Caesars, Eldorado in Merger Talks—Fertitta Looms
Caesars Entertainment and Eldorado Resorts are discussing a possible merger. But an old suitor could also be re-emerging.
A Reuters report, citing unnamed sources familiar with the situation, said Caesars, which is under increasing sale pressure from activist investors led by Carl Icahn, is assisting Eldorado with due diligence by providing some limited confidential financial information: an indication that talks are in an early, exploratory stage with no certainty that Eldorado will make a binding offer. Icahn now owns more than 28 percent of Caesars making him eligible to hold at least eight seats on the board of directors.
Caesars declined to comment, while Eldorado did not immediately respond to a request for comment, Reuters said.
Las Vegas-based Caesars emerged 18 months ago from a bankruptcy reorganization of its largest operating company with liabilities of around $9 billion, the legacy of a 2008 leveraged buyout of then-Harrah’s Entertainment by private equity giants TPG Capital and Apollo Global Management that buried one of the best balance sheets in gaming under nearly $30 billion of debt. The reorganization, which took more than two years to accomplish, reduced TPG and Apollo to minority shareholders and resulted in the appointment of a new chairman and CEO, while ownership of the operating unit’s casinos was spun off into a separately traded REIT controlled by its creditors.
Despite the conglomerate’s enormous size and diversity—53 properties in 14 U.S. states and five other countries—the shares of parent Caesars (NASDAQ: CZR) have never recovered.
Late last year, with CZR languishing below $9, billionaire Tilman Fertitta, owner of the Landry’s restaurant chain, offered a reverse merger with his much smaller Golden Nugget casino company that valued CZR at around $13 and would have placed Fertitta in control of the new entity. Caesars rejected it as inadequate.
The company remains attractively priced as a target. But its girth and the debt load limit the universe of potential acquirers. Like the other major Las Vegas Strip operators, it’s facing rising costs in its core market at the same time that visitation and gambling spend are stagnating and competition is increasing with the nationwide spread of sports betting. Last week, the company said it will be eliminating jobs at its Las Vegas headquarters as part of a plan to cut corporate expenses by at least $40 million annually.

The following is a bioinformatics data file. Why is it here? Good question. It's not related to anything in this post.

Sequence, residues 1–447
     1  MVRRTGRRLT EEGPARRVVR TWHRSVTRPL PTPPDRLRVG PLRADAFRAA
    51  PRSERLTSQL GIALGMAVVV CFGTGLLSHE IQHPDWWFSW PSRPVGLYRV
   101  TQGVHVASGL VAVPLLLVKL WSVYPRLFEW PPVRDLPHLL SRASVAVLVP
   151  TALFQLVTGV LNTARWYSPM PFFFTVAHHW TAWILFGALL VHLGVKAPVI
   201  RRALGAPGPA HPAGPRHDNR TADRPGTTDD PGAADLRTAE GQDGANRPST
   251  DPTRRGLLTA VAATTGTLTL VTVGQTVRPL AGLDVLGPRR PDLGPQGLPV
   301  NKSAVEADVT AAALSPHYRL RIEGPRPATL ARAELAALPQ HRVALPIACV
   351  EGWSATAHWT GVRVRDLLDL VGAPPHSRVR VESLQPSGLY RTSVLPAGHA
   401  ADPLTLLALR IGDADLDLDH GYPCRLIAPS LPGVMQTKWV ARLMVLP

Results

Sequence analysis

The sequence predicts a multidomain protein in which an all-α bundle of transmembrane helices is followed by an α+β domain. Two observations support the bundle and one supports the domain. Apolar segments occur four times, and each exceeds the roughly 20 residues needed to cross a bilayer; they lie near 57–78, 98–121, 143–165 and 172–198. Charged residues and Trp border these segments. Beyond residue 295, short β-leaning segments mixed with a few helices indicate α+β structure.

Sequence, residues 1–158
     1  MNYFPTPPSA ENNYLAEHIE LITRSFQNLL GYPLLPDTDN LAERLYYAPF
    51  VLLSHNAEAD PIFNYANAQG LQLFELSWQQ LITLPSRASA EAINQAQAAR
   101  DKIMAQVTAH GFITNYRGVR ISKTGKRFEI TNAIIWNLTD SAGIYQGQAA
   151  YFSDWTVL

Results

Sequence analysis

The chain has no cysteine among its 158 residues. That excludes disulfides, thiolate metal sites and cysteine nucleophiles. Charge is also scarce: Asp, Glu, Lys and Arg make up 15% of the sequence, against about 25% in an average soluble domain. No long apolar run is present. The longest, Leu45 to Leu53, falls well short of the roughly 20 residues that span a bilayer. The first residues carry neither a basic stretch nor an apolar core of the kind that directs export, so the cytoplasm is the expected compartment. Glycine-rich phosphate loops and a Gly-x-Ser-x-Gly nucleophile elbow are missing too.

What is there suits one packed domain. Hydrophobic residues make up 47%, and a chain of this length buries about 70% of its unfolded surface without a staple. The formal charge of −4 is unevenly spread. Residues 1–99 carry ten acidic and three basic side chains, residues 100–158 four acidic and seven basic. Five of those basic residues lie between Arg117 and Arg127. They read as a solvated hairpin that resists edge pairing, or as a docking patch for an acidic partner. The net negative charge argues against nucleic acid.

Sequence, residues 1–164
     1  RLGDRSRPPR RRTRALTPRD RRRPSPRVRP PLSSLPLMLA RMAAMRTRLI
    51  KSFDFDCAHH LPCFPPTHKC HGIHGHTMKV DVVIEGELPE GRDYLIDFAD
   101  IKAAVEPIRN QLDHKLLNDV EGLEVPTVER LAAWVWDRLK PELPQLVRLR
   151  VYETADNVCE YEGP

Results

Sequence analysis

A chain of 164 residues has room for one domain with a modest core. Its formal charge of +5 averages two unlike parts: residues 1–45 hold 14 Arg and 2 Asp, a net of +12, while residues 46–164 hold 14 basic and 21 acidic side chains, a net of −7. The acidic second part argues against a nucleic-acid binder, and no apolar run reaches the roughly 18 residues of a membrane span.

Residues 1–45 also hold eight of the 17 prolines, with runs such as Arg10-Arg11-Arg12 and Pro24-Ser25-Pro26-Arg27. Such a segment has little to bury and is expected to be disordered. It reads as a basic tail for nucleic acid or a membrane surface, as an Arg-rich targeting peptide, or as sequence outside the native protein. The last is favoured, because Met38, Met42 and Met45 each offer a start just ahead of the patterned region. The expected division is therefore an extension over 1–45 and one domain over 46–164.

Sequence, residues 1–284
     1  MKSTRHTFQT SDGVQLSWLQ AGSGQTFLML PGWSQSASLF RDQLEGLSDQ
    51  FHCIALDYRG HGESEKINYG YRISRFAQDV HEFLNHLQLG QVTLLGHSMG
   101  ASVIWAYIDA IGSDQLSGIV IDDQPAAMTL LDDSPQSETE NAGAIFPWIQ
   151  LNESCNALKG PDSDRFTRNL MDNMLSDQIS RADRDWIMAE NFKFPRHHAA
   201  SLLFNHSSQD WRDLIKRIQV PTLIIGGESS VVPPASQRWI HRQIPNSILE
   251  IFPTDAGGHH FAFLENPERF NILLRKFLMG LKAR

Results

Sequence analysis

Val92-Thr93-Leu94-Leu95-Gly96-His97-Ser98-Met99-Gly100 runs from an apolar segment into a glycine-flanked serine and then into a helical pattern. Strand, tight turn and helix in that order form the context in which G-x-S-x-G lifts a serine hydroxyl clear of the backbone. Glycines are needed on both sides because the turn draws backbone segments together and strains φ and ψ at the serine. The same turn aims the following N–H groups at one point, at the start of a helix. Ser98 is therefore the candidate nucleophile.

Caesars was trading last week around $8.40 per share, giving it a value of $5.6 billion.
Eldorado, meanwhile (Nasdaq: ERI), is trading at upwards of $50. And Eldorado and Icahn have history.
Icahn, the corporate raider known for buying troubled companies on the cheap, slashing costs and flipping them at the right time for tidy profits, launched his pursuit of Caesars in January, buying a 5 percent stake and joining other activist investors in clamoring for a sale. He has steadily upped his holding since and is now Caesars’ largest individual shareholder with around 18 percent of the equity, three seats on the board of directors and possibly the last word on a replacement for lame-duck CEO Mark Frissora, who tendered his resignation in November.
Eldorado began life in the early 1970s as a single family-owned casino in Reno, Nev., that an aggressive acquisition strategy has turned into 26 casinos in 12 states. The company bought MTR Gaming in 2014 and Isle of Capri Casinos in 2017. Last year, the company entered the Chicagoland market with the purchase of the Grand Victoria Casino in Elgin, Ill., and shook hands with Icahn on a $1.85 billion deal to buy Icahn’s Tropicana Entertainment and transfer ownership of Tropicana’s seven casinos to Penn National Gaming’s Gaming and Leisure Properties REIT for $1.2 billion.
Eldorado’s market cap stands at $3.6 billion. It has $3.3 billion of debt.
The New York Post reported last week that Icahn has also had discussions with Fertitta about joining forces. According to the Post, Fertitta would buy some of Icahn’s shares and become a trusted partner in Caesars.